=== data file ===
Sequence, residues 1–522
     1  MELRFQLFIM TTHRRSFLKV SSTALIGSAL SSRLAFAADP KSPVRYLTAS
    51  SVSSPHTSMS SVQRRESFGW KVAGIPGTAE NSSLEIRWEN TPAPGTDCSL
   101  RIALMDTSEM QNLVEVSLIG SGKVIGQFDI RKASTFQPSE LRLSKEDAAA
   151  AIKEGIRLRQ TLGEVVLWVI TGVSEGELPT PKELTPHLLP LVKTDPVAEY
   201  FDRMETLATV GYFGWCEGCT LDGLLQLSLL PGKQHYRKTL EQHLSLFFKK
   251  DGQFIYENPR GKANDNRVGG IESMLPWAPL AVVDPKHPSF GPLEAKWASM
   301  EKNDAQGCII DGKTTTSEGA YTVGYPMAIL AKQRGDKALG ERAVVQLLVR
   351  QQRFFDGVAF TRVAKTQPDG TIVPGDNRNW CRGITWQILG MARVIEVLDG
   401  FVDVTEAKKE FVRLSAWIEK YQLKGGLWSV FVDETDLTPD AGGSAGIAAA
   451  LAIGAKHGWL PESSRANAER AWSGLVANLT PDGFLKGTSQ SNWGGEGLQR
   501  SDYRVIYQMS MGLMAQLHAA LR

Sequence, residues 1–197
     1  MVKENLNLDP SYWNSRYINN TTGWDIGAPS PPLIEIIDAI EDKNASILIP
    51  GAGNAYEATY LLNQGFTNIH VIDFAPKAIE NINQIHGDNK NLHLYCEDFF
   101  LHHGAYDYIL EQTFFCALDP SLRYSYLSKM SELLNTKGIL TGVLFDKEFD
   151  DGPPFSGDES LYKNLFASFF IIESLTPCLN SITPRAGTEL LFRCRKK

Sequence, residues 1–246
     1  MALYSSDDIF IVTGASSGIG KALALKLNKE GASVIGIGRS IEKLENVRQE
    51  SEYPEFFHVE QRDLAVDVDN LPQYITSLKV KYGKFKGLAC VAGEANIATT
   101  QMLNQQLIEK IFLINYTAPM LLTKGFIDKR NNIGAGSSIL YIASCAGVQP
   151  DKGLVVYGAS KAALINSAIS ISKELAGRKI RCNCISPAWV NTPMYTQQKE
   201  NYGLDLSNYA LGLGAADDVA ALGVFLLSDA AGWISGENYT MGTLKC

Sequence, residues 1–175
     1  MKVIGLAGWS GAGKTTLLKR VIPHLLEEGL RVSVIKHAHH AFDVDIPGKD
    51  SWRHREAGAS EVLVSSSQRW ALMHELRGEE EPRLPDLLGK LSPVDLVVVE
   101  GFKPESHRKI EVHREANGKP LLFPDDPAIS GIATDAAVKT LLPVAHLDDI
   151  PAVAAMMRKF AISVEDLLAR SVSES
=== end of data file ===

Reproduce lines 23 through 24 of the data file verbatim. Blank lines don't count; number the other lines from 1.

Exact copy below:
   201  NYGLDLSNYA LGLGAADDVA ALGVFLLSDA AGWISGENYT MGTLKC

Sequence, residues 1–175